JPMorgan Chase has begun preparing for the possibility of the United States hitting its debt limit, Chief Executive Jamie Dimon told Reuters on Tuesday, adding he nevertheless expected policymakers to find a solution to avoid that “potentially catastrophic” event.
The country’s largest lender has begun scenario-planning for how a potential U.S. credit default would affect the repo and money markets, client contracts, its capital ratios, and how ratings agencies would react, Dimon said in an interview.
“This is like the third time we’ve had to do this, it is a potentially catastrophic event,” he said.
“Every single time this comes up, it gets fixed, but we should never even get this close. I just think this whole thing is mistaken and one day we should just have a bipartisan bill and get rid of the debt ceiling. It’s all politics,” he added.
Congressional Democrats are scrambling to find a way to raise the government’s $28.4-trillion borrowing cap before the Treasury Department runs out of ways to service the nation’s debt. Treasury Secretary Janet Yellen has said the Treasury will likely exhaust extraordinary measures by Oct. 18. (Full Story)
Democrats had hoped to avoid a partial government shutdown and to suspend the federal debt ceiling with a single vote. But they were blocked on Monday in the Senate by Republicans, who said the two matters should be dealt with separately.
Fiscal brinkmanship has become a regular feature of U.S. politics over the past decade thanks to ongoing partisan polarization, with debt ceiling deals coming down to the wire in 2011 and 2017.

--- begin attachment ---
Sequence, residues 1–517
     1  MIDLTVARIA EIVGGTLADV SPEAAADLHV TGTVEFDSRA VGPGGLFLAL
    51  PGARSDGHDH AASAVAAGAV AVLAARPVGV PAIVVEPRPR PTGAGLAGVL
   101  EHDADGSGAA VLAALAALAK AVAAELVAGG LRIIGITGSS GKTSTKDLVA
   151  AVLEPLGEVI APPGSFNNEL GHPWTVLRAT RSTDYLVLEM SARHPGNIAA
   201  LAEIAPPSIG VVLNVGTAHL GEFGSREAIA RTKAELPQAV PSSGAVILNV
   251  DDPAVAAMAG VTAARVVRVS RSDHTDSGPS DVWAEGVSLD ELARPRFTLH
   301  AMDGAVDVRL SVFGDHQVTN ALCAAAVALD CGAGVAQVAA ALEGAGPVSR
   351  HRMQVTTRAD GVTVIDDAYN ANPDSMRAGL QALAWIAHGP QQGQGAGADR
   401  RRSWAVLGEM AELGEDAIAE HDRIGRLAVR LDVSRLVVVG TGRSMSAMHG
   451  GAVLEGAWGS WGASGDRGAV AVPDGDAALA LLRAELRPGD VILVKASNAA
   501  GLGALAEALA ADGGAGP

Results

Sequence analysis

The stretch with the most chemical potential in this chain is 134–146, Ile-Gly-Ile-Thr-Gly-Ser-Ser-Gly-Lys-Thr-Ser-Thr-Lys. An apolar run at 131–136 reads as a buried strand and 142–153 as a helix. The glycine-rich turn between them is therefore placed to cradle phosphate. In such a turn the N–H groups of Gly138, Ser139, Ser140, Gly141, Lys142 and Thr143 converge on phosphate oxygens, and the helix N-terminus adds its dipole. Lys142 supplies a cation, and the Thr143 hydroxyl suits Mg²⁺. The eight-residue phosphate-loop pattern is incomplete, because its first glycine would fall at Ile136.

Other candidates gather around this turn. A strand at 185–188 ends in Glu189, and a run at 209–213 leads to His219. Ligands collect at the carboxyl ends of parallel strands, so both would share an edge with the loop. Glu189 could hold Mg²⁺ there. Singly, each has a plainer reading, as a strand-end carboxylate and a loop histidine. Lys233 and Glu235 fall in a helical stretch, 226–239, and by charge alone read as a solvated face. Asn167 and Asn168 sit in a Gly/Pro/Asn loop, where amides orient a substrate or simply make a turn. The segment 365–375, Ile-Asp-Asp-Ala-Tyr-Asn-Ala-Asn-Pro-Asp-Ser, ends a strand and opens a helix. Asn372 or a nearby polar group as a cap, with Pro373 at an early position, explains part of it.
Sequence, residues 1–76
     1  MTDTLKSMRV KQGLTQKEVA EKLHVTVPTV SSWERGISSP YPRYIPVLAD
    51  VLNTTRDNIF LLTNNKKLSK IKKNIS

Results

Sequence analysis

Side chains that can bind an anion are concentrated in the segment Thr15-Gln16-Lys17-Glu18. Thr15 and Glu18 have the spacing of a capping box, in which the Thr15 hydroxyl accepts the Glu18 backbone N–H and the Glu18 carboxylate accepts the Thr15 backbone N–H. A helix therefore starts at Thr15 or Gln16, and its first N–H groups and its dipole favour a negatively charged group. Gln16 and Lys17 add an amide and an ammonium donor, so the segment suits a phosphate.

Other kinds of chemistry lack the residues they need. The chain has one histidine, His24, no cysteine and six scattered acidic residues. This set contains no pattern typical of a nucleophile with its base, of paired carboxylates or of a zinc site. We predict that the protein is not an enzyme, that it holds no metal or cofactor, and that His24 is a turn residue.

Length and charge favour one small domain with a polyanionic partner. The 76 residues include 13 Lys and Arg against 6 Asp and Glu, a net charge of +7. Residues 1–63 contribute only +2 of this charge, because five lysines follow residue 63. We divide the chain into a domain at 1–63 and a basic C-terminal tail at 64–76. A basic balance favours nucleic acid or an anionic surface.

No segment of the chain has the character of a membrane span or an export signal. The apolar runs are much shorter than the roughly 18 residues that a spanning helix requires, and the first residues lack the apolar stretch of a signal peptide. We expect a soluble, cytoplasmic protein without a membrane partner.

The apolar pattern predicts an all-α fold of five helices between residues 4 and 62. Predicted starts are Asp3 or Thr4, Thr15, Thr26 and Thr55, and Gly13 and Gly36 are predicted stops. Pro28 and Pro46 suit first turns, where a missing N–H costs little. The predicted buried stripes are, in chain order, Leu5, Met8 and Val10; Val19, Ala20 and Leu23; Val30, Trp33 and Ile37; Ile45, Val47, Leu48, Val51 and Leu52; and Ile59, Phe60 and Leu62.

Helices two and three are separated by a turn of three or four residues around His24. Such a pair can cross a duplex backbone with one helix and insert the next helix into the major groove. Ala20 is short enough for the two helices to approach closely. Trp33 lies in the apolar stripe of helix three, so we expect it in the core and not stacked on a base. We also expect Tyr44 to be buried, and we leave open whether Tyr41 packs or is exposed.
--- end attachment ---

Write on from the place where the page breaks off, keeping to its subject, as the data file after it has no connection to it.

Dimon said as part of its preparation the bank was combing through its client-contracts, a resource-intensive process.
“You’ve got to check the contracts to try to predict it out … If I remember correctly, the last time we got prepared for this, it cost us $100 million,” he said.
Dimon was speaking to Reuters before a ribbon-cutting ceremony at the bank’s new branch in southeast Washington, part of JPMorgan’s effort to promote racial equity by boosting its presence in underserved communities.
The branch is the eleventh of its kind JPMorgan has opened in cities including New York, Detroit, Los Angeles and Chicago, since 2019. As well as providing traditional services, the branches work with local community groups to provide free skills training and other small-business support.
“It’s not a traditional bank branch, we want it to be very welcoming, we want it to be attractive,” said Dimon.
Following nationwide “Black Lives Matter” protests last year, JPMorgan pledged $30 billion over five years to advance racial equity. That includes originating 40,000 new mortgages and 15,000 small business loans to Black and Latino communities.
The investment underscores how large corporations are increasingly embracing social, environmental and governance or ESG issues amid pressure from investors.
Addressing racial equity is also a priority for President Joe Biden’s administration which has said bank branch “deserts” perpetuate inequality by reducing access to credit.
Biden’s acting Comptroller of the Currency Michael Hsu this month said he would scrap contentious changes to fair lending laws led by his Trump-appointed predecessor and start a fresh review with other banking regulators.
Rules around the Community Reinvestment Act, where regulators score banks on how well they serve poor communities, need to be regularly modernized to account for technology-driven changes in banking, said Dimon, who said the overall law is good for the country.
“It is very complicated, very slow, very late, very hard to measure,” he said, adding CRA assessments should also be performed in real time, as opposed to a retrospective review every few years.
“Does it actually capture everything? No. Is it real time? No. Is it politicized? Absolutely.”